Dr Anis Karodia, administrator in the Limpopo Education Department faces a possible expulsion from the position.

160412. Picture: Moloko Moloto
514 Dr Anis Karodia, administrator in the Limpopo Education Department faces a possible expulsion from the position. 160412. Picture: Moloko Moloto

Warning of Limpopo rot and nepotism ignored

By Time of article published Jul 11, 2012

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THE administration of the Limpopo Education Department is “dysfunctional” and “rotten” – and because of a lack of leadership by its senior managers, it has ground to a halt .

A secret report lifts the lid on the bankrupt department, putting the blame squarely on a culture of nepotism – “family ties and friendships from the very top” – and clock-watching.

The 47-page report, which the Star has seen, was penned by the department’s former administrator, Dr Anis Karodia, and delivered to the National Council of Provinces (NCOP) during its four-day fact-finding mission to Limpopo in March.

It was never made public.

The report called for the sacking of a host of senior managers, including head of department Morebudi Thamaga and chief financial officer Martin Mashaba, because the situation had “collapsed under their watch”.

Last year, the department ran up an unauthorised expenditure bill of R2.2 billion.

It went bankrupt in September. In December, after it failed to pay for textbooks for this year’s pupil intake, it was placed under administration by Finance Minister Pravin Gordhan.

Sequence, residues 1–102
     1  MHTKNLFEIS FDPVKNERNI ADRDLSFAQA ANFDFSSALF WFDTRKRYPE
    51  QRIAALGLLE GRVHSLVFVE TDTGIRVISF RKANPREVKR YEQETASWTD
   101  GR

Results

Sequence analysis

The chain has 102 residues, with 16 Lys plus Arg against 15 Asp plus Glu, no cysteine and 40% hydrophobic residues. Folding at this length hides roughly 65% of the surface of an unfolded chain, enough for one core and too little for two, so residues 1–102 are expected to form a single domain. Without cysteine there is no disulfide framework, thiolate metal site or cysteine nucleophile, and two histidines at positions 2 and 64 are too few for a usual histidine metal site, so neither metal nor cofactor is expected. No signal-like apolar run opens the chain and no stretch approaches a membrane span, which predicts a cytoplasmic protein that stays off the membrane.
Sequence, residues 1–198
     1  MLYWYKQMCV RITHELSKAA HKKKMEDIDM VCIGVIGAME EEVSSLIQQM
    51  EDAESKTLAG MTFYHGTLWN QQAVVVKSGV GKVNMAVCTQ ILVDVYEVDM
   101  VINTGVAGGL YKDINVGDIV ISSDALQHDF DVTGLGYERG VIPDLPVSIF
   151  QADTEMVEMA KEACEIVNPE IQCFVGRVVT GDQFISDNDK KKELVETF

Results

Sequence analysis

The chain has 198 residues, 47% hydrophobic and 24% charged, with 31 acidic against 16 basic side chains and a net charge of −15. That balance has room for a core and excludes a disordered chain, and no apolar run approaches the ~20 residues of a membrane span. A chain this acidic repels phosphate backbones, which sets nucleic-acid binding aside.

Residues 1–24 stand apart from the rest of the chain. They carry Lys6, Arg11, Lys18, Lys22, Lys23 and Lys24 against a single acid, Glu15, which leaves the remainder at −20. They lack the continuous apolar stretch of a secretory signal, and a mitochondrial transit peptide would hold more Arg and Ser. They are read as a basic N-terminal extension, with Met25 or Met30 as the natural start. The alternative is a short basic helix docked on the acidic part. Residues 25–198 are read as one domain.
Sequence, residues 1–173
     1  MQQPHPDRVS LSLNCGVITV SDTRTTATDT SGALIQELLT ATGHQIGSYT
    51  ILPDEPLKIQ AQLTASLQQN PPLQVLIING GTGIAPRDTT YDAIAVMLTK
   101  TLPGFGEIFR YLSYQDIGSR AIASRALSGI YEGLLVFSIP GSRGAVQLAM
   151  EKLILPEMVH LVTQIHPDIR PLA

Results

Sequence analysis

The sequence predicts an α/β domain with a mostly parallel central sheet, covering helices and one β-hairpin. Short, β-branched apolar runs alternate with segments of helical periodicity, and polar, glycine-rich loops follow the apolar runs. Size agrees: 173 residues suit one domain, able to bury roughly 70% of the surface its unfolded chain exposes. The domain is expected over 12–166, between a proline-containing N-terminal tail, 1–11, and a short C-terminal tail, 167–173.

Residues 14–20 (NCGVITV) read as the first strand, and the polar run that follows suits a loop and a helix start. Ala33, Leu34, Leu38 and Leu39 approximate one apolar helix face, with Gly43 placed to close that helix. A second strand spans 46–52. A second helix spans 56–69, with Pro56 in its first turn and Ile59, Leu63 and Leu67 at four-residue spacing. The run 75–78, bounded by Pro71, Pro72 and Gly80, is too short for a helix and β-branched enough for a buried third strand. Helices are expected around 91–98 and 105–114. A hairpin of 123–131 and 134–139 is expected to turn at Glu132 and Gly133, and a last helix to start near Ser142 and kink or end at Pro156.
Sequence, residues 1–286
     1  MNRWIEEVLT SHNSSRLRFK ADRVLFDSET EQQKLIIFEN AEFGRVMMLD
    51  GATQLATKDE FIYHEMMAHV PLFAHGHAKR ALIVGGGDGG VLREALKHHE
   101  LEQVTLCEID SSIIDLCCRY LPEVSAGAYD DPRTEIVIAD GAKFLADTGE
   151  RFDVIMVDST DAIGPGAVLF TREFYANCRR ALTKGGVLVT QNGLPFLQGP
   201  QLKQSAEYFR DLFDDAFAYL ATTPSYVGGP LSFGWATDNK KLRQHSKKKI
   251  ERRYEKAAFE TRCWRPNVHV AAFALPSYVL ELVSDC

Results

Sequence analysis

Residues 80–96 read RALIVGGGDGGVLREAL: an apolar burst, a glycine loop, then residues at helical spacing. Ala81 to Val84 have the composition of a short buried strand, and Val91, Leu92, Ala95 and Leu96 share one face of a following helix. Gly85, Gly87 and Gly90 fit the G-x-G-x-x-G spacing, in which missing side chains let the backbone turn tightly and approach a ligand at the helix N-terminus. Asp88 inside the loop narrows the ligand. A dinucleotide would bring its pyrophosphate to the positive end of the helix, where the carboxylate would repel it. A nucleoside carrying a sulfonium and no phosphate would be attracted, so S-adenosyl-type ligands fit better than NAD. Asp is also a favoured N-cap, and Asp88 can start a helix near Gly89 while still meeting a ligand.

Today, thousands of pupils are still without textbooks and learning material after the private company which won the R320 million tender, EduSolutions, failed to supply them.

Two forensic auditing companies have since found evidence of rampant maladministration, financial mismanagement, tender fraud and the looting of the department by various officials.

Karodia said some of the senior managers had neither the academic qualifications nor the necessary experience for their jobs.

He warned that if the government failed to replace most of the province’s senior managers with competent ones based on merit, then education in Limpopo could regress “to a point of no return… with the real possibility of immense turmoil, further collapse and the total loss of confidence by the public”.

Karodia’s report said some managers refused to understand that the provincial education department was technically bankrupt and felt its placing under administration was “completely unnecessary”.

As a result, they were in a “complete resistant mode” and even sabotaged the intervention team.

The report said the department had been crippled by a poor work ethic, nepotism and a lack of purpose among many senior provincial and district managers.

The public administration and management of the department had ground to a halt, with dysfunction the norm in the morass of decay and rot because of the lack of “supervision, oversight and leadership by senior managers”.

Limpopo Education Department spokesman Pat Kgomo confirmed the existence of Karodia’s report, but maintained its content was without any basis.

“The report was presented to the NCOP where the MEC (Dickson Masemola) and HOD were present. The MEC challenged the authenticity of the report and the unsubstantiated allegations presented by Dr Karodia,” Kgomo said.

The Star has learnt that Masemola and Karodia clashed over the report on the sidelines of that meeting, and subsequently fell out.

Basic Education Minister Angie Motshekga removed Karodia from his position two months later.

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